Misty Hong alleges in a suit filed in her home state that she downloaded the app earlier this year but did not create an account, only to discover later that the app had created one for her that reportedly included some of her biometric information taken from videos she had filmed but not published.
The lawsuit goes on to allege that TikTok’s coding includes source code from two Chinese companies, an advertising firm accused of inserting spyware on users’ devices as well as a tech giant, though it reportedly did not provide evidence for this charge or the allegations of data being stored in China.
App creators “vacuumed up and transferred to servers in China vast quantities of private and personally-identifiable user data” without users’ knowledge, the lawsuit alleges.
ORDER IN THE COURT: Billionaire Elon Musk on Tuesday began his trial for alleged defamation after calling a British diver involved in the Thailand cave rescue last year “pedo guy” on Twitter.
Musk attended a federal courthouse in downtown Los Angeles midday after jury selection, Reuters reported. The Tesla CEO will face trial to determine if he owes British diver Vernon Unsworth punitive damages for designating him a pedophile, which the diver has denied.
The trial in front of U.S. District Judge Stephen Wilson, a Reagan appointee, is expected to last about five days, in which Musk is expected to testify in his defense, according to Reuters. The CEO has apologized, saying “pedo guy” is a common insult in his native South Africa.
Three jurors were dismissed because one was interviewing for a job at Tesla and another two said they follow Musk’s tweets and could not remain objective, according to the newswire.
Unsworth sued Musk in September 2018, two months after he assisted in the rescue of 12 boys and a soccer coach who were trapped in a cave in Thailand. Their altercation began when Musk volunteered to provide a mini-submarine from his Space X rocket company to help rescue the boys.
RANSOMWARE IN THE SPOTLIGHT: The Senate Cybersecurity Caucus will hold a classified briefing Wednesday to address the ongoing spree of ransomware attacks on local governments, school districts and other entities nationwide.
Sens. Mark Warner (D-Va.) and Cory Gardner (R-Colo.), the co-chairs of the caucus, will host the bipartisan event, which will feature a briefing for members from Christopher Krebs, the director of the Department of Homeland Security’s Cybersecurity and Infrastructure Security Agency (CISA).
According to a spokesperson for Warner, the briefing will include discussion of the “current threat landscape including actors and vulnerabilities, current trends and resources available to address the threat, and what Senators can do to help protect their states.”
Gardner told The Hill on Tuesday that while this week’s briefing is classified and closed to the public, he hoped there would be more “in the open” on risks from ransomware attacks in the future.
“I think it’s important that the American people understand what’s at risk, so to have something that it is out in the open that we can get out is needed, so the American people can be eyes open when it comes to the challenges that our country faces,” Gardner said.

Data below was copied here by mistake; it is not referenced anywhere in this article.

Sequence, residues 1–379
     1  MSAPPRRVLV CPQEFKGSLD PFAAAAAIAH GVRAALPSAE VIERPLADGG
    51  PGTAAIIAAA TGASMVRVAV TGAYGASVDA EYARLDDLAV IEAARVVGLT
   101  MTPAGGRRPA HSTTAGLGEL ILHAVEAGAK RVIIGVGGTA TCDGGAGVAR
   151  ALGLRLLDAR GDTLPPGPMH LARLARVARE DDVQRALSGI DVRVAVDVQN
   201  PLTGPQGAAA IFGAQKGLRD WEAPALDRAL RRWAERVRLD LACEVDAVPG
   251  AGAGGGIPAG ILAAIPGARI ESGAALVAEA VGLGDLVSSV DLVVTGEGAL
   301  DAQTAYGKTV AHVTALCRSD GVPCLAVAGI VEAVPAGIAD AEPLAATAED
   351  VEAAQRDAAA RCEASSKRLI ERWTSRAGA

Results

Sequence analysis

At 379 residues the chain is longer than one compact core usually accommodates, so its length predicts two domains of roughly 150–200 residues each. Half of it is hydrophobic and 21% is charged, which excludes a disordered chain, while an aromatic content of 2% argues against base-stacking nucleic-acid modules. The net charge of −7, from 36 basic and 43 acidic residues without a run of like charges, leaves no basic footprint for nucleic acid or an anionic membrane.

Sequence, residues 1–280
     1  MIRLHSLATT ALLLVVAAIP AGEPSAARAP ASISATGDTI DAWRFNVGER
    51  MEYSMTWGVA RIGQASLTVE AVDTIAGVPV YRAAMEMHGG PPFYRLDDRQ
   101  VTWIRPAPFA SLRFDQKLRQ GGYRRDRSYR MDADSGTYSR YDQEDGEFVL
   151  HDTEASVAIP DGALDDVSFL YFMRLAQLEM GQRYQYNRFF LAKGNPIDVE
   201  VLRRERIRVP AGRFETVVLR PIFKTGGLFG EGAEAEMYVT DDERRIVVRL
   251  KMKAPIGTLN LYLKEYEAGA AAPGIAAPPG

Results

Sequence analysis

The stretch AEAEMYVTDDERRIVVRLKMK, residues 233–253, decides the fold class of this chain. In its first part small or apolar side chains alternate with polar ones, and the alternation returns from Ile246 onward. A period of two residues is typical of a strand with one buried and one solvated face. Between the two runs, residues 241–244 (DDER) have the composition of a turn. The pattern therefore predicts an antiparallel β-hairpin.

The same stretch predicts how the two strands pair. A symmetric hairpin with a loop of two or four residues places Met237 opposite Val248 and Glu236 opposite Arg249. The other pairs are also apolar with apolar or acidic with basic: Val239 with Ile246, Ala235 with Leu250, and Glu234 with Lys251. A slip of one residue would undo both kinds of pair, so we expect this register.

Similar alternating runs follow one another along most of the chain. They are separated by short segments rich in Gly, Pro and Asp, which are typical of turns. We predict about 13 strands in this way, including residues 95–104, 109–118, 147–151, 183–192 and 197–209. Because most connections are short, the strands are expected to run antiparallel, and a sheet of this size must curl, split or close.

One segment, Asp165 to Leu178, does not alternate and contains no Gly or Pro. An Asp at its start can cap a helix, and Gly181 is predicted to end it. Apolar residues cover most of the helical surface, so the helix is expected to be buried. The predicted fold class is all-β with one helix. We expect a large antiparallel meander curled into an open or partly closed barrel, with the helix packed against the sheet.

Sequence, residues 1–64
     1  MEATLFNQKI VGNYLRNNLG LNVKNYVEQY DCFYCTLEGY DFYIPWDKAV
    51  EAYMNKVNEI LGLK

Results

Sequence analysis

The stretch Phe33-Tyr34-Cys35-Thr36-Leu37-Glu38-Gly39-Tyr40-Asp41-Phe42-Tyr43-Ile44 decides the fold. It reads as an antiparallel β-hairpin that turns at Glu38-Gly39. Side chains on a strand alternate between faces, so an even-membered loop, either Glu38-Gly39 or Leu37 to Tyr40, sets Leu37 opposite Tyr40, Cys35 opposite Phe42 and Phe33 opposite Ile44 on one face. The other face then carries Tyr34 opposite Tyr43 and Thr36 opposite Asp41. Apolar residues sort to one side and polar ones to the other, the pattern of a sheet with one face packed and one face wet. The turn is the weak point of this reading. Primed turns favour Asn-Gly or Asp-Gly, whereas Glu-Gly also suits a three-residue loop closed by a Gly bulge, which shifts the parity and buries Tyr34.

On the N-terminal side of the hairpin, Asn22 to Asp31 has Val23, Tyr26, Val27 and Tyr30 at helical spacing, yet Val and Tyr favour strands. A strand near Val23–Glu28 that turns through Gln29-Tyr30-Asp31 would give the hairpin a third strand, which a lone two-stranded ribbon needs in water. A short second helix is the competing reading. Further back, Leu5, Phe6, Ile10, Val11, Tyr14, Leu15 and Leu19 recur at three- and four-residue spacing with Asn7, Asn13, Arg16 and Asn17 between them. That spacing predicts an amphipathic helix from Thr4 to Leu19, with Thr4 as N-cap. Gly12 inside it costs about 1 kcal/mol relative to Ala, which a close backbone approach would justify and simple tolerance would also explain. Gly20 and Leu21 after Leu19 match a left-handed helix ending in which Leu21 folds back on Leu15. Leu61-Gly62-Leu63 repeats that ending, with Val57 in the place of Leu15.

IT WASN’T UKRAINE: Sen. Lindsey Graham (R-S.C.) on Tuesday said he’s “1,000 percent confident” Russia was responsible for hacking the Democratic National Committee (DNC) as part of an effort to interfere in the 2016 election, dismissing the theory that Ukraine played a role in the breach.
The comments from Graham come amid a House impeachment inquiry into President Trump‘s dealings with Ukraine and whether he conditioned military aid on the country opening investigations that benefited him politically.
Trump and some of his GOP supporters in Congress have pushed a conspiracy theory that Ukraine tried to meddle in the 2016 election to help Democratic nominee Hillary Clinton.
“It was the Russians. I’m 1,000 percent confident that the hack of the DNC was by Russian operatives, no one else,” Graham told reporters on Capitol Hill.
“I have no evidence (Ukraine) did. Russia stole the emails, not the Ukraine,” he added.
GOOGLE SHUFFLE: Google co-founders Larry Page and Sergey Brin announced Tuesday they will be stepping down from the leadership of the search giant’s parent company, Alphabet.
Google CEO Sundar Pichai, who previously had been a member of the Alphabet board of directors, will head both companies moving forward.
“With Alphabet now well-established, and Google and the Other Bets operating effectively as independent companies, it’s the natural time to simplify our management structure,” Page and Brin wrote in a blog post.
“We’ve never been ones to hold on to management roles when we think there’s a better way to run the company,” they added.
Alphabet, created in 2015, comprises several companies beyond Google, including the driverless car firm Waymo and the biotech company Calico.
HUAWEI ON THE MOVE: The founder of Chinese tech giant Huawei has said the company is moving its U.S. research center to Canada due to U.S. sanctions on the firm.
Huawei’s “centre for research and development will be moved out of the United States. And that will be relocated to Canada,” Ren Zhengfei told Toronto’s Globe and Mail newspaper in a Monday interview.
He told the newspaper that U.S. restrictions prevent Huawei from communicating with American employees.
“We can’t exchange calls or e-mails with them,” Ren said. “That’s why we will shift our focus of development more toward Canada.”
According to The Globe and Mail, Ren said that Huawei spent about $510 million on its U.S. research department last year. It has since cut its workforce by 600 to about 250.
A LIGHTER CLICK: #nodeletedecember
AN OP-ED TO CEW ON: Should Congress be concerned about California’s data privacy law?
NOTABLE LINKS FROM AROUND THE WEB:
How Ring went from Shark Tank flop to multi-million dollar company (Motherboard)
Guide for cleaning up the internet (Verge)
Seven 2020 candidates respond to questions about tech (Vox)
Fake news continues to dodge Facebook algorithms (OneZero)